Of of all the Russian writers in the last fifty years, few can have been as well read in Britain as Alexander Solzhenitsyn. His critiques of the Soviet system, which brought the Nobel Prize in 1970, must surely mean hardly anyone in Britain's political elite will not have read him.
And yet for all those copies of The Gulag Archipelago and One Day in the Life of Ivan Denisovich, few seem to have grasped how Solzhenistyn viewed post-Soviet Russia. Perhaps the primary source for this is his 1990 'Rebuilding Russia'. Whilst there is much to say about that book, I pick below some of the sections on Ukraine and Crimea.
Solzhenitsyn appears to have been happy to allow nearly all of the Soviet republics to pursue independence, but considered there to be special ties between Russia, Ukraine, Belarus and Kazakhstan. Of the Ukraine, he declares:
"To separate off the Ukraine today would mean to cut across the lives of millions of individuals and families: the two populations are thoroughly intermingled; there are entire regions where Russians predominate; many individuals would be hard put to choose between the two nationalities; many others are of mixed origin, and there are plenty of mixed marriages (marriages which have indeed never been viewed as "mixed"). There is not even a hint of intolerance between Russians and Ukrainians on the level of the ordinary people" (p.20).
The point is also made that historically Donbass and Crimea had always been part of Russia (p.19).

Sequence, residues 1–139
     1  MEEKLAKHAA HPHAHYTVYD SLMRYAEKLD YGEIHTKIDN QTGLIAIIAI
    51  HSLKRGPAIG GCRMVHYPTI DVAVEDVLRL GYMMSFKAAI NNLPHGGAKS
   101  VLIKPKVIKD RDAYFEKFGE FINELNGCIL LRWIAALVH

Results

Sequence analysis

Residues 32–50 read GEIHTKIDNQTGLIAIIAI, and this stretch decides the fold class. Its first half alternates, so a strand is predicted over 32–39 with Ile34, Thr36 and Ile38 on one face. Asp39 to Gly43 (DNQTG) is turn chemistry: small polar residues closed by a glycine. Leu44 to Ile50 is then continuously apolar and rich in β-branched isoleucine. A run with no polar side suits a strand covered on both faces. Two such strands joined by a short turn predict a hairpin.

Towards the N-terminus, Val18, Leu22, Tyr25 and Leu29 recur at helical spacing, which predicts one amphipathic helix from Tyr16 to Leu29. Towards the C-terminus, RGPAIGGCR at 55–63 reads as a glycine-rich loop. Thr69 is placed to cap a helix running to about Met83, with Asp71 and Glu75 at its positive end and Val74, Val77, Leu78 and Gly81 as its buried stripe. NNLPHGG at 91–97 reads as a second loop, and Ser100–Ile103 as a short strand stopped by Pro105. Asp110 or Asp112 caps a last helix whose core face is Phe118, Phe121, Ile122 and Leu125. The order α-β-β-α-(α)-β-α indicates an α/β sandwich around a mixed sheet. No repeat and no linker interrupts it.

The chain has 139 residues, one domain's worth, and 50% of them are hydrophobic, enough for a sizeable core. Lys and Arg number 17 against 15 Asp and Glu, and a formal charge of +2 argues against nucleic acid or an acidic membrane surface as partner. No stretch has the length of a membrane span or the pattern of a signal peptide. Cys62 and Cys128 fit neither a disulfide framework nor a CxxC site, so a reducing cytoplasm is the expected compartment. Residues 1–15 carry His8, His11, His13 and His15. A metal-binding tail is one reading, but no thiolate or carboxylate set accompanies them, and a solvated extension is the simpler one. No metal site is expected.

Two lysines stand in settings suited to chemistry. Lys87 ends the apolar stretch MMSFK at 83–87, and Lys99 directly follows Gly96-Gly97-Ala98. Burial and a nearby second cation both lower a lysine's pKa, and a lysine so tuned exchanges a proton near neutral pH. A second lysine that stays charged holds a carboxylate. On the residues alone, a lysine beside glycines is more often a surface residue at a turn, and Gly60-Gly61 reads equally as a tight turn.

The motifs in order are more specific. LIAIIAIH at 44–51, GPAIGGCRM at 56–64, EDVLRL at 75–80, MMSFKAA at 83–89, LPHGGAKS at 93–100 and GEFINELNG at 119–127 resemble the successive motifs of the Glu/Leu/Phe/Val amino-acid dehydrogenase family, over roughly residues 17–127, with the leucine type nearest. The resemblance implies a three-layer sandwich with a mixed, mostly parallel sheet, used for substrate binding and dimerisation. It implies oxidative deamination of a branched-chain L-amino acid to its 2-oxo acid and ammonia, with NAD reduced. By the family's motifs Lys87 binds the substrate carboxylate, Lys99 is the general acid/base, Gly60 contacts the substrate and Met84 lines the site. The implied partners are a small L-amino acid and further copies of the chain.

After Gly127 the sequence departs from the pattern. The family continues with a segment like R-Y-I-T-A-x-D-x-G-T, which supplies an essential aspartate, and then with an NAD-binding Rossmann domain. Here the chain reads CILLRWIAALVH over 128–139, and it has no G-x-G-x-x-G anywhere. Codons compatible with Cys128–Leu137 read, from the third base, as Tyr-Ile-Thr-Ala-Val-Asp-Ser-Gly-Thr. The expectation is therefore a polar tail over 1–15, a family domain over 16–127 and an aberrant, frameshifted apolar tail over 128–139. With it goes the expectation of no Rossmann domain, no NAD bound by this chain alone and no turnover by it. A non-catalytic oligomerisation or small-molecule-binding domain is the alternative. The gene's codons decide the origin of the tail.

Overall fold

And yet less than twenty five years later the British government seems to have been surprised when Putin refused to accept the overthrow of Ukraine's democratically elected (and pro-Russian) leader, Viktor Yanukovych, and the Ukraine's attempted turn towards the EU and NATO. This provoked the secession of Crimea. Indeed Foreign Secretary Philip Hammond was still complaining about the Crimean referendum a year later.
Perhaps British politicians need to read more. There is also a more general failing among western hawks on Russia - Edward Lucas and Anne Applebaum are perhaps the two most prominent - to take a rounded approach. They are quite happy to take the bits that they like from Solzhenitsyn - the anti-Soviet elements in his writing - but turn up their nose at the sections which advocate Russian as opposed to 'western' interests. Such cheery-picking does them little credit, and does little to inform others on events in eastern Europe.